Radar - May 2021 – 2 / 3 观点
There are few emerging technologies as revolutionary as AI which presents tremendous opportunities but poses potentially dystopian risks. Regulating its development and use to ensure ethical standards are maintained, without stifling innovation, is a huge challenge.
The EC has published:
The draft AI Regulation sets out proposals for:
The Regulation takes a risk-based approach to AI systems. Some types of AI as set out in Title II, are considered to carry unacceptable risk and are prohibited. High-risk AI systems, their providers, importers, distributors, and in some case users, are subject to a range of obligations. Limited risk systems are subject to transparency requirements, and minimal risk systems are subject to existing legislation but sectors may develop or adhere to codes of conduct to help foster trust.
The draft has been opened for public consultation and now goes to the Council and Parliament for discussion so it has a long way to go before it is finalised and may well be subject to considerable changes. Once adopted, Member States will have two years to apply the majority of the Regulation although some provisions will apply sooner.
Emerging points of discussion include:
Stakeholders who have had to get to grips with the GDPR will find many of the concepts in the Regulation familiar. From the risk-based approach, to the requirements around transparency and information provision, as well as record-keeping, territorial scope and enforcement, cybersecurity and data governance, there are recognisable requirements.
The Regulation will not apply in the UK but its wide territorial scope means it will impact UK businesses placing AI products on the EU market, using them in the EU, and providing output from AI which is used in the EU.
It remains to be seen both how the UK develops its own framework, and whether the EC Regulation changes as it moves through the legislative process. As with the GDPR, the Regulation is likely to benefit from supplementary guidance likely to be supplied in time by the planned EU-level regulatory board.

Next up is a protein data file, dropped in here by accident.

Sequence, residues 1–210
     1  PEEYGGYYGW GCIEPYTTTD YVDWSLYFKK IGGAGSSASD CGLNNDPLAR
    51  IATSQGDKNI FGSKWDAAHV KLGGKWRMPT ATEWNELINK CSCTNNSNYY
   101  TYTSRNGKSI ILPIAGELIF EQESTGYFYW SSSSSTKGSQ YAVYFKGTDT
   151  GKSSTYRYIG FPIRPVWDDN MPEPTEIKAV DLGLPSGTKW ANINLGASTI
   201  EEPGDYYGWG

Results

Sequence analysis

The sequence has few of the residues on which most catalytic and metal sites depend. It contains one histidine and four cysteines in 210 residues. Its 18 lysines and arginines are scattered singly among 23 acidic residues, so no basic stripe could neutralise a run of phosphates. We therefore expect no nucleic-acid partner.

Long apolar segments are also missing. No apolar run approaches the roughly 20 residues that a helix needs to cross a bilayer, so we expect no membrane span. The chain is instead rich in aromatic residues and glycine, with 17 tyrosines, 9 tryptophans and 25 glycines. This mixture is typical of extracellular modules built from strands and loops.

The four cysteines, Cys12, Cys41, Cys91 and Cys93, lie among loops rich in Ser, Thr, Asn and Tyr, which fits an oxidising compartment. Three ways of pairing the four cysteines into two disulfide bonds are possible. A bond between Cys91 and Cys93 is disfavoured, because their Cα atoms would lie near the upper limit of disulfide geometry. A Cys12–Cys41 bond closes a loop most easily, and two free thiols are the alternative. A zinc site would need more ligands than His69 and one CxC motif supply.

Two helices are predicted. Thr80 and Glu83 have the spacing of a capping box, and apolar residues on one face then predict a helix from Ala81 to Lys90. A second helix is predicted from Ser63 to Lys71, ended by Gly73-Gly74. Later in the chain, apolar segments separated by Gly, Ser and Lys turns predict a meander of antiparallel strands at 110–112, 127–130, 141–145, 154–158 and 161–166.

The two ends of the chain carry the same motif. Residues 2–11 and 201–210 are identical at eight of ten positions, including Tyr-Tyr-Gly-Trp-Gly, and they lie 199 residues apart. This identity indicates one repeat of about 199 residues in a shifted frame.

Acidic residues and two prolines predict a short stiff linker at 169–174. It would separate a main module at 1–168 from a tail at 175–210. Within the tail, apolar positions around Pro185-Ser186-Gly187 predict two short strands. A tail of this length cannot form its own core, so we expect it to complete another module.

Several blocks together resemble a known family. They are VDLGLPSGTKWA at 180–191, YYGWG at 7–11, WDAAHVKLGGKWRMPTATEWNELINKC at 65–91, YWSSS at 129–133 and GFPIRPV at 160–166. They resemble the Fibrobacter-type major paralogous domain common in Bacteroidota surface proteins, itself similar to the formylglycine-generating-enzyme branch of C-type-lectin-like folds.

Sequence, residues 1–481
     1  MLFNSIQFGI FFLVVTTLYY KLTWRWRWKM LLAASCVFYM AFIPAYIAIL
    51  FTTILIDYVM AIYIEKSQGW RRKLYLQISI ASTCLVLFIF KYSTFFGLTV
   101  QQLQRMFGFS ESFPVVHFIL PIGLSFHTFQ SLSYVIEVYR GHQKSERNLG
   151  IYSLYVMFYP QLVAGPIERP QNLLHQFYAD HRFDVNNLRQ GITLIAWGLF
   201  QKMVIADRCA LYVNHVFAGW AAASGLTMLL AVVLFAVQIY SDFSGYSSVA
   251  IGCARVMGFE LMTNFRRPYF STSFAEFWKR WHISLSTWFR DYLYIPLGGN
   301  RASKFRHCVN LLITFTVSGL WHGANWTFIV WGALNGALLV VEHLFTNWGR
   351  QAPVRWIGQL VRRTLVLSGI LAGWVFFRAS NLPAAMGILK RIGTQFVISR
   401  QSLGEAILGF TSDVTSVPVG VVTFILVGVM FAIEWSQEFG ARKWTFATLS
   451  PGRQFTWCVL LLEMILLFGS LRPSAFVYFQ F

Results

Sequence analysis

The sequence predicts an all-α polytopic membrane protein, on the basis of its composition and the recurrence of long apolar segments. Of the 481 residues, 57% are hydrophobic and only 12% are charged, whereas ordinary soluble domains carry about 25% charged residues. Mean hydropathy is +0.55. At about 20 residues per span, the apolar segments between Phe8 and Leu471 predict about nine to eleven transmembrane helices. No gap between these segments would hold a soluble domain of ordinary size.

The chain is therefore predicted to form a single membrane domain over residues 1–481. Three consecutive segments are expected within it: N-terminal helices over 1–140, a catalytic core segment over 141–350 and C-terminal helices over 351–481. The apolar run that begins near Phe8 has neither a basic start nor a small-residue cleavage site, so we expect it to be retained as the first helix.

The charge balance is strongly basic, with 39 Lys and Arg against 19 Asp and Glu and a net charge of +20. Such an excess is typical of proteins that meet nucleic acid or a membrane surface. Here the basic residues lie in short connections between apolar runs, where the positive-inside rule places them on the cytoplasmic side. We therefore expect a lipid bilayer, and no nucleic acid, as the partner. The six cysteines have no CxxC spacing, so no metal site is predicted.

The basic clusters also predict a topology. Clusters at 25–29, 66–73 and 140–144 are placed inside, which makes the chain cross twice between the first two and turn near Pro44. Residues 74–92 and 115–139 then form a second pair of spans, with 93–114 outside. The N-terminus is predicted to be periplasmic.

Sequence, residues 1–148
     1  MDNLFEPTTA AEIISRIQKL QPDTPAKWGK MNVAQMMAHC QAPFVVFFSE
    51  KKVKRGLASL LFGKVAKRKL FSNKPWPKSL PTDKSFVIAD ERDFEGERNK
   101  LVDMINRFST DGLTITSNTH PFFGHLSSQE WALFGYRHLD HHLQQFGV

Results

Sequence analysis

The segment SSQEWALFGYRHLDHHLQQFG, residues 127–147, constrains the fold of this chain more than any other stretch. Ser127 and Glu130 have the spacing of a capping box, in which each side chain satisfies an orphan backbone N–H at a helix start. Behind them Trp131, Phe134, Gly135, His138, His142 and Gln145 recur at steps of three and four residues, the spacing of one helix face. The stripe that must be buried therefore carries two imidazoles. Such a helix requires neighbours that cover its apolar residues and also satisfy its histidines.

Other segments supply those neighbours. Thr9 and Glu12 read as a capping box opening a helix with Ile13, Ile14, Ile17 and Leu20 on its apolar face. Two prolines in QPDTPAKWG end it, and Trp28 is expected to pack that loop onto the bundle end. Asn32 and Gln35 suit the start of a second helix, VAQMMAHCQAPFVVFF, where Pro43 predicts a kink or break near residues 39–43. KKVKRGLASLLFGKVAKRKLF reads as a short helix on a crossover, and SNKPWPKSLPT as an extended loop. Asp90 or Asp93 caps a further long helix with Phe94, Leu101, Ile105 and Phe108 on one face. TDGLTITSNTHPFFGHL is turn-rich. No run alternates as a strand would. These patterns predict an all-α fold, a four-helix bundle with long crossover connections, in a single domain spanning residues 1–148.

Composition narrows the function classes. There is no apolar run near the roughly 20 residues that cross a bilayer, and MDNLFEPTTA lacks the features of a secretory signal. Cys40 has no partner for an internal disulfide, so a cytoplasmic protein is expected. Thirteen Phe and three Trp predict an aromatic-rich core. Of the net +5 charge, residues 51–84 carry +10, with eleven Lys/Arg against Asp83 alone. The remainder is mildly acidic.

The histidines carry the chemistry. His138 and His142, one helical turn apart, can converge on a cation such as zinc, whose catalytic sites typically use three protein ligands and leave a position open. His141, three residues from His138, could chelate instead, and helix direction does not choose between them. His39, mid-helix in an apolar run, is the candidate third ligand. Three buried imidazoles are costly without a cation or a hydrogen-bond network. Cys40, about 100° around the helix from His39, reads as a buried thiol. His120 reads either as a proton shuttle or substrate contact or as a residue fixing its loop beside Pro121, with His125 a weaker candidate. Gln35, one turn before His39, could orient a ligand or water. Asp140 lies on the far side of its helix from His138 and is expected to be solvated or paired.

What does the Regulation cover?
The AI Regulation is intended to apply to:
What is an AI system?
The Regulation defines an AI system as "software that is developed with one or more of the techniques and approaches listed in Annex I and can, for a given set of human-defined objectives, generate outputs such as content, predictions, recommendations or decisions influencing the environments they interact with".
What AI uses are considered to pose an unacceptable risk?
AI uses which are considered to violate fundamental rights are set out in Title II and will be prohibited. They include placing on the market, putting into service or use of AI systems which:
What is a high-risk AI system?
AI systems which have an adverse impact on people's safety or their fundamental rights are considered high-risk. This includes where:
In addition, Annex III contains a list (which can be amended under certain circumstances) of high-risk AI systems. The list includes 'real-time' and post remote biometric identification systems (including FRT), credit scoring systems, AI systems known to contain bias, AI for recruitment, and systems to assess eligibility for welfare or legal aid (some of these are subject to limited exemptions).
What are the proposed rules on high-risk AI systems?
High-risk AI systems will be subject to a number of requirements including:
Various stakeholders including providers, importers, distributors and users of high-risk systems are subject to individual requirements including:
Notifying authorities and notified bodies
Member States are required to designate or establish a notifying authority responsible for setting up and carrying out the necessary procedures for the assessment, designation and notification of conformity assessment bodies and for their monitoring. The Regulation sets out the process for conformity assessment and for evidencing it through CE marking, declarations of conformity and certification.
Regulators and enforcement
The EU will set up an EU database for stand-alone high-risk AI systems and establish a European Artificial Intelligence Board comprising Member State representatives from the relevant national supervisory authority (to be designated or created by each Member State). National regulators will have the power to impose sanctions for non-compliance, including penalties of up to between 2 and 6% of annual global turnover.
Title V of the Regulation sets out measures to support innovative development of AI in the EU, including establishing sandboxes and providing support to small-scale providers and users.
The legislation is in its infancy and may well change as it moves to enactment. With such fast-moving technology, a risk-based approach seems sensible but, as always, we will have to wait for the finalised Regulation to understand the full requirements.
For more on AI and other disruptive tech, see our latest edition of Download.